Home > Uncategorized > What a candy bar, porn, and 23 choices of jam have in common, and why they’re dangerous

What a candy bar, porn, and 23 choices of jam have in common, and why they’re dangerous

The problem with beauty is the problem with super stimuli. What’s that problem? That’s the subject of this post.

But first: What’s a super stimulus? The classic example is a candy bar. From LessWrong.com:

It contains more concentrated sugar, salt, and fat than anything that exists in the ancestral environment. A candy bar matches taste buds that evolved in a hunter-gatherer environment, but it matches those taste buds much more strongly than anything that actually existed in the hunter-gatherer environment. The signal that once reliably correlated to healthy food has been hijacked, blotted out with a point in taste-space that wasn’t in the training dataset – an impossibly distant outlier on the old ancestral graphs. Tastiness, formerly representing the evolutionarily identified correlates of healthiness, has been reverse-engineered and perfectly matched with an artificial substance. Unfortunately there’s no equally powerful market incentive to make the resulting food item as healthy as it is tasty. We can’t taste healthfulness, after all.

The existence of the super stimuli is the problem. It’s the problem in candy bars and junk food. It’s the problem with impossible beauty in our ad-saturated world, and it’s the problem with porn.

Let’s be clear: The illusion is the problem, not the mere existence of delicious food or attractive people. Daniel Boorstin argued–decades ago–that society was increasingly subject to The Image, wherein images of things gradually displace the things themselves, and furthermore, wherein the boundaries between substance and image blur and become forgotten.

More choices (especially when some of those choices are super stimuli, I think) are not always good for us. According to some behavioral economics research, people are less satisfied when they have more choices: become “decision fatigued”, even though we usually think we want more choices.

There’s a classic experimental result showing that consumers would prefer having a great deal of choices of jam to choose from, but when they’re actually tested, in a 23-choices versus 6-choices condition, they end up more fatigued and less happy from having to so choose. That’s why, if you want to optimize happiness, when you have to buy a TV or other consumer good, you should either (i) just go with what you chose before, or (b) take the recommendation of a friend.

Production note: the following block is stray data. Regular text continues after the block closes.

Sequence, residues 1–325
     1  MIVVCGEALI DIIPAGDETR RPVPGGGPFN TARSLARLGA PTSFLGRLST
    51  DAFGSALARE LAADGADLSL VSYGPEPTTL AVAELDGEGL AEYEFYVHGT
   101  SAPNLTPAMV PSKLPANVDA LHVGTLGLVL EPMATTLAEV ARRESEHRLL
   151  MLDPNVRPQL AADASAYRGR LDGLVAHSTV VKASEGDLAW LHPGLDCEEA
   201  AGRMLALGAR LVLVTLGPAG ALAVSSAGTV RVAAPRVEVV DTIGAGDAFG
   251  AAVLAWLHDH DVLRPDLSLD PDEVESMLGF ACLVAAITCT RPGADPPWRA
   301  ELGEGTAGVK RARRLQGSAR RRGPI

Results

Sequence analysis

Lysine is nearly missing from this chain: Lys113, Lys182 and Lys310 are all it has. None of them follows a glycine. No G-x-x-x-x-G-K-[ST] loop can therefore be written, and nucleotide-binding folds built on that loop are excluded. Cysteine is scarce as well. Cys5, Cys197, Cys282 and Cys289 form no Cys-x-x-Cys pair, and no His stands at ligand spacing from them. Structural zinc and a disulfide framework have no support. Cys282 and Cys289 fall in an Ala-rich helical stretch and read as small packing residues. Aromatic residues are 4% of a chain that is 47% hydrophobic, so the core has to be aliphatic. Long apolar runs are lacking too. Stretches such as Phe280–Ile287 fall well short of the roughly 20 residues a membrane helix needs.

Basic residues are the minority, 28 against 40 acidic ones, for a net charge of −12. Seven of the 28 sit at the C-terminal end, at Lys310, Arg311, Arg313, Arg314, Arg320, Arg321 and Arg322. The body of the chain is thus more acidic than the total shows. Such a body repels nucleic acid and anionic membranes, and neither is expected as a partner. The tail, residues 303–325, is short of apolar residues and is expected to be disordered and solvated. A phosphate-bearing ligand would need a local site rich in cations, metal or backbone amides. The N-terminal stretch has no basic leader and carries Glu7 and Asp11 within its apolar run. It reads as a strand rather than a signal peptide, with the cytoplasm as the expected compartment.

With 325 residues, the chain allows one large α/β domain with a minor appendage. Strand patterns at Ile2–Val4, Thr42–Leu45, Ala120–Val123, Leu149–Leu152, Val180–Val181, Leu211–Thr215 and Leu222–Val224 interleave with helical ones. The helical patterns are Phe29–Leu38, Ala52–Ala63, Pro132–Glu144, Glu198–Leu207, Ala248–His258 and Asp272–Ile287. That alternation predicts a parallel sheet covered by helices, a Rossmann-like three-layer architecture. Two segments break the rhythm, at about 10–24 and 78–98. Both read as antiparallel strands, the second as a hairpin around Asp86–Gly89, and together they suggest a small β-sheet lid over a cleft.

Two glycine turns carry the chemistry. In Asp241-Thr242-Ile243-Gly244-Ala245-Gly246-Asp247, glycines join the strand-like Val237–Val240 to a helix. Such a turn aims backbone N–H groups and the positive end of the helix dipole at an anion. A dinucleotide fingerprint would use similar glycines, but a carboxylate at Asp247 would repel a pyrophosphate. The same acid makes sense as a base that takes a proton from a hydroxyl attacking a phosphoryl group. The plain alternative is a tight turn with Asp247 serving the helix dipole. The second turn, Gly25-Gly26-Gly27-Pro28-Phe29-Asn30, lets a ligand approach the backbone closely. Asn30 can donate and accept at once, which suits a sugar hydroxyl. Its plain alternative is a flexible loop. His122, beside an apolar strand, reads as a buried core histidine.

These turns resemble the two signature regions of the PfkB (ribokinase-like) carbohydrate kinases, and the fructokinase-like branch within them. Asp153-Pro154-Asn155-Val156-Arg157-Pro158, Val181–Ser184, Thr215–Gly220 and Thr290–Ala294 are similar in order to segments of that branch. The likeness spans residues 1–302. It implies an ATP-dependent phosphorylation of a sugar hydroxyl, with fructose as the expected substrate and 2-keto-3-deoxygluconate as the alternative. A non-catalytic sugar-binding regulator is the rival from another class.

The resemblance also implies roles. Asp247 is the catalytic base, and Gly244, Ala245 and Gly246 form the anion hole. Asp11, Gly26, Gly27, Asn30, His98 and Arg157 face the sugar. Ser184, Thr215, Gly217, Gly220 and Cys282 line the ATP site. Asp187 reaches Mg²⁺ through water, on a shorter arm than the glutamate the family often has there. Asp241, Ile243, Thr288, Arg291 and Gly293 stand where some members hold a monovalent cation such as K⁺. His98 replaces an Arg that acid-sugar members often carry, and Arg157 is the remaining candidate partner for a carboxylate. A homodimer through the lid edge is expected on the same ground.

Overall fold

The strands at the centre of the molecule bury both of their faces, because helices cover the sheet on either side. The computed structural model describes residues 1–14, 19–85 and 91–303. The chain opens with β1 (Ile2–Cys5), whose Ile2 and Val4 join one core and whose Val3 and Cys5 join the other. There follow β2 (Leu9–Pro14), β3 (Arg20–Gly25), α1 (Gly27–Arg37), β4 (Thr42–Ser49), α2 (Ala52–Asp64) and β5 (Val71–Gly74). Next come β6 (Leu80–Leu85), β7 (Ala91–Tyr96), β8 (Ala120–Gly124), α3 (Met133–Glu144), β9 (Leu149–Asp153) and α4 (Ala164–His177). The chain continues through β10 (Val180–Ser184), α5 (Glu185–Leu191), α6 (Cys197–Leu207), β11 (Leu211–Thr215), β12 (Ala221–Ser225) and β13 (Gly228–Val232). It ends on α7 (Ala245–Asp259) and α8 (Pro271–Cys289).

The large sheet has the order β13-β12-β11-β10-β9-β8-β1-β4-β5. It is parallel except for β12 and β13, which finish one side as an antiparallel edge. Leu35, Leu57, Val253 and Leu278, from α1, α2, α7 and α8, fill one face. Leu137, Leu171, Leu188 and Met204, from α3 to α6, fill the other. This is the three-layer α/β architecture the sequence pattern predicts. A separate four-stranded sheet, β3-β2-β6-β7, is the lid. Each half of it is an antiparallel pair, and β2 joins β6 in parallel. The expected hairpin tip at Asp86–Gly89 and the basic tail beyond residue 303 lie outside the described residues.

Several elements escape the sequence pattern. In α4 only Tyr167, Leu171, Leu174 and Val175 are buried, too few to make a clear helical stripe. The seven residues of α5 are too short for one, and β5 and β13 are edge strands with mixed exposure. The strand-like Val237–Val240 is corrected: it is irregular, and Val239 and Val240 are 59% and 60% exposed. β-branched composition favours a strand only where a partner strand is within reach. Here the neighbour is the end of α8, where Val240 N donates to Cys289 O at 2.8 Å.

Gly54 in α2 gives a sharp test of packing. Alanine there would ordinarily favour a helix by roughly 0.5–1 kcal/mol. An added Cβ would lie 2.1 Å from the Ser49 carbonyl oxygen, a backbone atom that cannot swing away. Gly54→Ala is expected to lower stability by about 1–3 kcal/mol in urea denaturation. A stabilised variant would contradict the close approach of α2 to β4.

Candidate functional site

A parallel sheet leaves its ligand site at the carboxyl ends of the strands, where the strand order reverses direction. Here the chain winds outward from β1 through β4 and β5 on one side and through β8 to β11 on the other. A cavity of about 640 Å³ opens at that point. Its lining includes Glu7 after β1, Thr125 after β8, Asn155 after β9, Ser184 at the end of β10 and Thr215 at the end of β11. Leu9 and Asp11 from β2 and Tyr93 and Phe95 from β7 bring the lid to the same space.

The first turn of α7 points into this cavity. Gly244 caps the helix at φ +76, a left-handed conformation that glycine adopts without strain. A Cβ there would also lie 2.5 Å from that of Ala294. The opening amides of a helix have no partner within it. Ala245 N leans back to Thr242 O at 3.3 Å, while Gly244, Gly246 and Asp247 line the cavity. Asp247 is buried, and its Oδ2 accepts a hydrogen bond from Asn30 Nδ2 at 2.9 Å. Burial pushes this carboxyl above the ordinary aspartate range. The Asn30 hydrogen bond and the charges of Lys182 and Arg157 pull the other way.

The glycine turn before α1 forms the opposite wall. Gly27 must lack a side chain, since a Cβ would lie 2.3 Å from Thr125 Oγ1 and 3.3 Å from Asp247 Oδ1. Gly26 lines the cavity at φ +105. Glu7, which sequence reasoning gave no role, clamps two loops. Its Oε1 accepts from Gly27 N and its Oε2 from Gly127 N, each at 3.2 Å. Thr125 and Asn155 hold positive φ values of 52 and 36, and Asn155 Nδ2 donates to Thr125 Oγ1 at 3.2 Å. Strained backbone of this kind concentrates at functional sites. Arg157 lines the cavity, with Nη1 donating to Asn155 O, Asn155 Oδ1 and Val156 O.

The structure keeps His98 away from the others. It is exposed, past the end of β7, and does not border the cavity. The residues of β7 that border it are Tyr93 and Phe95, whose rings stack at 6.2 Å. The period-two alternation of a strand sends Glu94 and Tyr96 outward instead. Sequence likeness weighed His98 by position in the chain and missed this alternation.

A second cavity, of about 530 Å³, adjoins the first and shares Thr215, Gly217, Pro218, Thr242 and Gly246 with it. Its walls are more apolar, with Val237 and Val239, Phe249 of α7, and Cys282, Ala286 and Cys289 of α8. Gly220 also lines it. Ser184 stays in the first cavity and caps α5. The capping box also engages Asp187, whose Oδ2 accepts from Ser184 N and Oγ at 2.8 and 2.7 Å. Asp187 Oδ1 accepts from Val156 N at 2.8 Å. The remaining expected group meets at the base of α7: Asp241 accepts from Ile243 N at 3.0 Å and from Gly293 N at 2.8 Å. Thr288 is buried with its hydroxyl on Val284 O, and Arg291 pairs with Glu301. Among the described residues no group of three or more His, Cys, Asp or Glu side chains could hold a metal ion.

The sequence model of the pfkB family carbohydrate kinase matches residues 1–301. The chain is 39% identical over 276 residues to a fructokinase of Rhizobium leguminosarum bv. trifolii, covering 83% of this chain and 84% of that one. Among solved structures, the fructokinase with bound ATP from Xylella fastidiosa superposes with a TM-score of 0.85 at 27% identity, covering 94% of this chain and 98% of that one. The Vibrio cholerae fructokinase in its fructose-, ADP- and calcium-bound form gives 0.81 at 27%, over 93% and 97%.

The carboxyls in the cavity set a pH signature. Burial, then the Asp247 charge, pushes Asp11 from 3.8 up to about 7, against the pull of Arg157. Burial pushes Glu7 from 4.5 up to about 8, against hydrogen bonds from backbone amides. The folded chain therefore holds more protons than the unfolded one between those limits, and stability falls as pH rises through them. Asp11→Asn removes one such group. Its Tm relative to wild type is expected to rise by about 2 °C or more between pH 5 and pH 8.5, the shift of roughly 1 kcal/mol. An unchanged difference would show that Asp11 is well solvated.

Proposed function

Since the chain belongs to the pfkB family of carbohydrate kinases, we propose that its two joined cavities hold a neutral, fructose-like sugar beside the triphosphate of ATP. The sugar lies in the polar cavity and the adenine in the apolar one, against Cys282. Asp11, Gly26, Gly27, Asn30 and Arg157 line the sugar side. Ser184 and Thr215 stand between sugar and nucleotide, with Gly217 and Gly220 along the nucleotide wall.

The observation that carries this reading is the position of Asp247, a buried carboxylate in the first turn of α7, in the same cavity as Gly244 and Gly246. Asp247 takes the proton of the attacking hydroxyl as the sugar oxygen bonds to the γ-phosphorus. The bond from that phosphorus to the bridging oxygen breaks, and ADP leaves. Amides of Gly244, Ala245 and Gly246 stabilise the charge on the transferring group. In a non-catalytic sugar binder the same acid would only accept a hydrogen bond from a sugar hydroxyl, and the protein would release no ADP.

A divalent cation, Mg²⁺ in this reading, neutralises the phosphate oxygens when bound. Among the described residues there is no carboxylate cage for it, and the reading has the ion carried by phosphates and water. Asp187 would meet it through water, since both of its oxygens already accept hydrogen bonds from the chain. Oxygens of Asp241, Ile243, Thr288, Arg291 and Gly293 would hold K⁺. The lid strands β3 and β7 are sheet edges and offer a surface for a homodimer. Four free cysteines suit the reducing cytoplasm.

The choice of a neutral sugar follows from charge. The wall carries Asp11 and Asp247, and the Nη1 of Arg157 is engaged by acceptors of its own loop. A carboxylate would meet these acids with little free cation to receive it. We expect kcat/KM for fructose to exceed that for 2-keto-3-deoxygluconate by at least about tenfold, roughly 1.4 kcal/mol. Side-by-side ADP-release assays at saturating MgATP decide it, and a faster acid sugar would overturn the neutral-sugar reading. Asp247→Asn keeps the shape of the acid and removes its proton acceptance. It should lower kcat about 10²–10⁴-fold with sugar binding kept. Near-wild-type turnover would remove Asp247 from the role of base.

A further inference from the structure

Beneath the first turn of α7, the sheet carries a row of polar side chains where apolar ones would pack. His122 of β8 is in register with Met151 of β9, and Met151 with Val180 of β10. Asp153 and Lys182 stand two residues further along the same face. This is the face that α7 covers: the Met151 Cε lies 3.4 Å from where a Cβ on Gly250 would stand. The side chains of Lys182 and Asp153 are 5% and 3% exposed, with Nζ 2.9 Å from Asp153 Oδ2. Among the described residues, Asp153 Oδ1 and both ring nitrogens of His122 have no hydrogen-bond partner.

Here’s an other surprising area in which more options is not, in fact, better: according to research I’ve read (somewhere), men with more sex partners find it harder to be satisfied with a single woman for life. Another research finding is that online daters typically go out with fewer than 1 percent of profiles checked out, and yet other findings (I believe) indicate that the illusion of choice engendered by having hundreds of profiles to look at is correlated with lower dating satisfaction.

So where is the boundary between legitimate restriction of choices and lack of choices?–I don’t know. Sometimes we think we want things we don’t actually want. It should be viewed as a societal good–to be weighed against the societal goods from unfettered capitalism–to have fewer choices and fewer advertisements. Yet such a stance might be regarded by some as socialist (or whatever the favorite derogatory buzzword of the day is).

Obviously, the answer isn’t the opposite. The answer isn’t to settle for the first thing that seems perfect, because you’ll compare it with your other could-have-been options. So what is the answer? I don’t know: I’ve only begun thinking about it. And, optimistically perhaps, so have you.

But Here’s A Shot….

  • The answer is to be meticulous in separating out the substance from the image (where possible) and pursue only the substance.
  • The answer is to avoid the super stimulus as much as possible, and focus on the real thing.
  • The answer is to realize when having more choices–or the illusion of choice–is likely to be inoptimal (and what to do about it).

More specifically, I wonder if….

  • The answer is to learn to pick up chicks for real, rather than mope. (If you’re a straight man.)
  • The answer is to read real books instead of summaries or others’ thoughts about the books.
  • The answer is to enjoy friends’ company in real life, not on Facebook.
  • The answer is not to surround yourself with the products of a sick self-help industry. Nor is it even to read blog post after blog post about how to improve your life rather than actually take a thing to done and lock in some gains.
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